Bo Ssäm is a popular dish in Korean cuisine in which steamed pork and various accompaniments are wrapped in leafy greens such as lettuce or sesame leaf. The word ssäm [14] literally means “wrapped”.  It is often served with a thick, spicy paste known as ssämjang [15] and several small side dishes or banchan [16] such as kimchi.

In Chang’s version, the pork is coated with a sugar and salt dry rub and roasted low and slow, barbecue-style, for many hours, until it can just be pulled from the bone with a fork.  The rest of his bo ssäm “package” includes his version of ssämjang, raw oysters, Ginger-Scallion Sauce [9], rice and kimchi. I wasn’t originally convinced about the oysters, but then I read several accounts of how magical they are with the pulled pork. Still, I wasn’t about to deal with shucking fresh oysters in my kitchen. I’m the Accident Prawn [17], remember?  Oyster shuckers and me are a dangerous combination!


Luckily, I live in Florida, and the one thing I can always find here are freshly shucked oysters, neatly stored in plastic containers.  I figured that was the best way to go.

I didn’t make my own kimchi either. {{{hanging my head in shame}}}.  Instead, I bought some at a local Asian market.  The owner is Korean and she makes several kinds of kimchi fresh from scratch every day.  It is really good, too!  I knew that any kimchi I could whip up wouldn’t be nearly as good as hers, so I took that shortcut too.  The thing is, that by taking little shortcuts like this, a time and labor intensive meal like bo ssäm doesn’t seem so daunting.  Thus, you might be more likely to actually try it at home.  And, while it is always admirable to make each component of every dish yourself, it isn’t always necessary.  I’m not talking Semi-Homemade [19] here.  I’m just saying that outsourcing a few things sometimes isn’t the end of the world.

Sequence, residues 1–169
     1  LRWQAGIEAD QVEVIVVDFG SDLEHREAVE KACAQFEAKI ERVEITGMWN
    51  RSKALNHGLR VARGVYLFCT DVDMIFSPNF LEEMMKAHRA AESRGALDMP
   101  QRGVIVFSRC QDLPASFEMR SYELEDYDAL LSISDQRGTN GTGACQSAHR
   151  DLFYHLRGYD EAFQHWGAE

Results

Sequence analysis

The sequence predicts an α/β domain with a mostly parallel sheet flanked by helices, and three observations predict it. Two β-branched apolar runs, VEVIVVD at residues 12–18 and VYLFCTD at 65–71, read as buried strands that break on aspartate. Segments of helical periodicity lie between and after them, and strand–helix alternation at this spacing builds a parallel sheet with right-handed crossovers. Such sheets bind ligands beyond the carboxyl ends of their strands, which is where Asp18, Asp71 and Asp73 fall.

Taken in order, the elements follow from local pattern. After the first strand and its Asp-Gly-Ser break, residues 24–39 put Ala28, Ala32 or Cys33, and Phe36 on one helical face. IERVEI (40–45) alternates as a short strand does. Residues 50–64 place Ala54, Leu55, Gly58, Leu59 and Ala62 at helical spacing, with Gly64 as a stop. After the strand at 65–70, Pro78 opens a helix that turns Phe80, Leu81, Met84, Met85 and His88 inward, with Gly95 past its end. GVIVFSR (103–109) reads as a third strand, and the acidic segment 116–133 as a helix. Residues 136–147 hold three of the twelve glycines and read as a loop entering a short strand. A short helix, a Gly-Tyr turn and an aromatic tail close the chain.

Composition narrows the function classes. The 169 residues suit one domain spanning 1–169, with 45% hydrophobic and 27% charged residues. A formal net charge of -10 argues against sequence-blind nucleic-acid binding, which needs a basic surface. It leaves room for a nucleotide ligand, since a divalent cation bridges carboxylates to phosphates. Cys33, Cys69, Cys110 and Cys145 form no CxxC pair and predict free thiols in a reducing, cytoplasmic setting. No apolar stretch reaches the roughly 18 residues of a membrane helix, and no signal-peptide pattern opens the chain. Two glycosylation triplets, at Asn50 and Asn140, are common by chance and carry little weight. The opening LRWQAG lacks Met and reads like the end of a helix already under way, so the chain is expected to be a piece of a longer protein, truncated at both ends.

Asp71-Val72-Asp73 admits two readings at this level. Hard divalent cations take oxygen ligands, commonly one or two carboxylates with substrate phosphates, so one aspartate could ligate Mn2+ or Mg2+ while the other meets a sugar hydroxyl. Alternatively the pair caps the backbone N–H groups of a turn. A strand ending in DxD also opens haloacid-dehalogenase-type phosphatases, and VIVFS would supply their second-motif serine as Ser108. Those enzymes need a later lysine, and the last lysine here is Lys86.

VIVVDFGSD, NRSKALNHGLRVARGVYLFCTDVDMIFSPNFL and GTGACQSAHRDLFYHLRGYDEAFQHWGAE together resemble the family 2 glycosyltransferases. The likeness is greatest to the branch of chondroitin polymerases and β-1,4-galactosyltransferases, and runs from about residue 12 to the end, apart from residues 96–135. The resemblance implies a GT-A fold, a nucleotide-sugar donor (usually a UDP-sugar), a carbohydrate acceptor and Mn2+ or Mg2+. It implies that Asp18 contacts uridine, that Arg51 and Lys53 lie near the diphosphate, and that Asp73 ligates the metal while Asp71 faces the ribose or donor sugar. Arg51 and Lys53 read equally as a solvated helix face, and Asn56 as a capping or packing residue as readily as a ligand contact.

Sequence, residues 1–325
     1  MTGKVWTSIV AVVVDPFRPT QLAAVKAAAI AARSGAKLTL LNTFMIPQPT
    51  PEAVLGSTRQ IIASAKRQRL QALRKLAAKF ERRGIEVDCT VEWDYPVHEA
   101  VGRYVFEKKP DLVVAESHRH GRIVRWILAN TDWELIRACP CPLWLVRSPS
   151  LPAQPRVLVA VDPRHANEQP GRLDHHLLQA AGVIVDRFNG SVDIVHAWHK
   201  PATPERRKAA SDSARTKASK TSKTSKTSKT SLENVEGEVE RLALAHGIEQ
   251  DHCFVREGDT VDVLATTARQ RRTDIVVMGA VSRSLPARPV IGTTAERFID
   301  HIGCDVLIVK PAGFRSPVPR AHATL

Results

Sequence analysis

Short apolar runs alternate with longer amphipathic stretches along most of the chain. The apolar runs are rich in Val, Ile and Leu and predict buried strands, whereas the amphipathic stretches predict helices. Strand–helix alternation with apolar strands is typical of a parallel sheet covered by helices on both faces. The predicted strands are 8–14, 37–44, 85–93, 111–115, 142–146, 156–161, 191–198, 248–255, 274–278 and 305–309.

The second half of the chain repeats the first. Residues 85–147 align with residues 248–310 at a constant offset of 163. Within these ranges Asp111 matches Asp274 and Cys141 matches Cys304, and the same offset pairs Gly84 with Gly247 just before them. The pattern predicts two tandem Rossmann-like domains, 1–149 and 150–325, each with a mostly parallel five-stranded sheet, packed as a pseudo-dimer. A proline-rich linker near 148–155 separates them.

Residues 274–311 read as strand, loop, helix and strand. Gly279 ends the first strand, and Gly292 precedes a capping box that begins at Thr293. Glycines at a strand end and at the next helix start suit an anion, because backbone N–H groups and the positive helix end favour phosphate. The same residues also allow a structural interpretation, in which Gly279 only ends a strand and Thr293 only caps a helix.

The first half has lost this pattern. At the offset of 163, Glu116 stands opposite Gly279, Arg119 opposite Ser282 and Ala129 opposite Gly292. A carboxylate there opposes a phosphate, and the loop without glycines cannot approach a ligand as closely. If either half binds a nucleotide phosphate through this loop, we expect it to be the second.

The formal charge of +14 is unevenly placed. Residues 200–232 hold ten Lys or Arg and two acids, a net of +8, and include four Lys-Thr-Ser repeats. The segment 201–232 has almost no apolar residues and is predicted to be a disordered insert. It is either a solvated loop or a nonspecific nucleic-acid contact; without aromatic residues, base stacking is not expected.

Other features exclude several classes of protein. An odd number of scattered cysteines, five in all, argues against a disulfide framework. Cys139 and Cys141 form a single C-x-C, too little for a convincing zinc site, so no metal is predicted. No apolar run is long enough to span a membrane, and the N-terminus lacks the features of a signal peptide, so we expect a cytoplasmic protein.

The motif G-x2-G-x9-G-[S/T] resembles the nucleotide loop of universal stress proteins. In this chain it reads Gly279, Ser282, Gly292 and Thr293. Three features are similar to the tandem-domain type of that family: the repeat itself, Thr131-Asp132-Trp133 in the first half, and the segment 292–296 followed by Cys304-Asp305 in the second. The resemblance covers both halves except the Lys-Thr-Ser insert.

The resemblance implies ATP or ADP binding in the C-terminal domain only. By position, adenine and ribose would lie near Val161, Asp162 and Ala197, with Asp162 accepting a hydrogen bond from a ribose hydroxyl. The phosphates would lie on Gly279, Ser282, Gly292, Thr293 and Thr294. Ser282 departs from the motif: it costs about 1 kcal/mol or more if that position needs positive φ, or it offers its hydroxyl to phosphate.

As far as recipes go, Chang’s pulled pork isn’t difficult at all to prepare.  The hardest part is waiting for the pig to cook.  But, this also gives you lots of time to prepare the side dishes and sauces.  It also gives you lots of time to do the laundry, water your plants, pay some bills or take a little nap. (I skipped right on over to that last one!)  And, I have to tell you, people, that this pork is so very juicy and succulent – utterly amazing!  A total foodgasm if there ever was one!

Presenting, the naked pork:


Here’s what it looked like wearing its salt and sugar rub:


Here it is at the halfway mark:


And, here it is out of the oven and all ready to jump on your plate:


Oh, baby!


And, as if it could possibly get any better, get this.   This whole meal, which feeds at least eight people, cost me about $36.45 to make – including the oysters and the store-bought kimchi!  Can you believe it?  That gorgeous ten pound pork shoulder only set me back $16.50!  Momofuku Ssäm Bar charges $180.00 for this “dining experience”, which rounds out to about $22.50 per person for eight people, not including tax and tip.  I was able to do it for $4.55 per person.  Sure, the ambiance in my dining room probably isn’t as cool as Momofuku’s, but who cares!  The point is that you can create this fabulous feast in your own home for a fraction of what it costs to go out.  My cost was about 20% of what I would have paid at ANY restaurant, which leaves a nice chunk of change left over for Mama to get herself a new pair of shoes!

Trust me, people!  You need this book! Seriously! You do!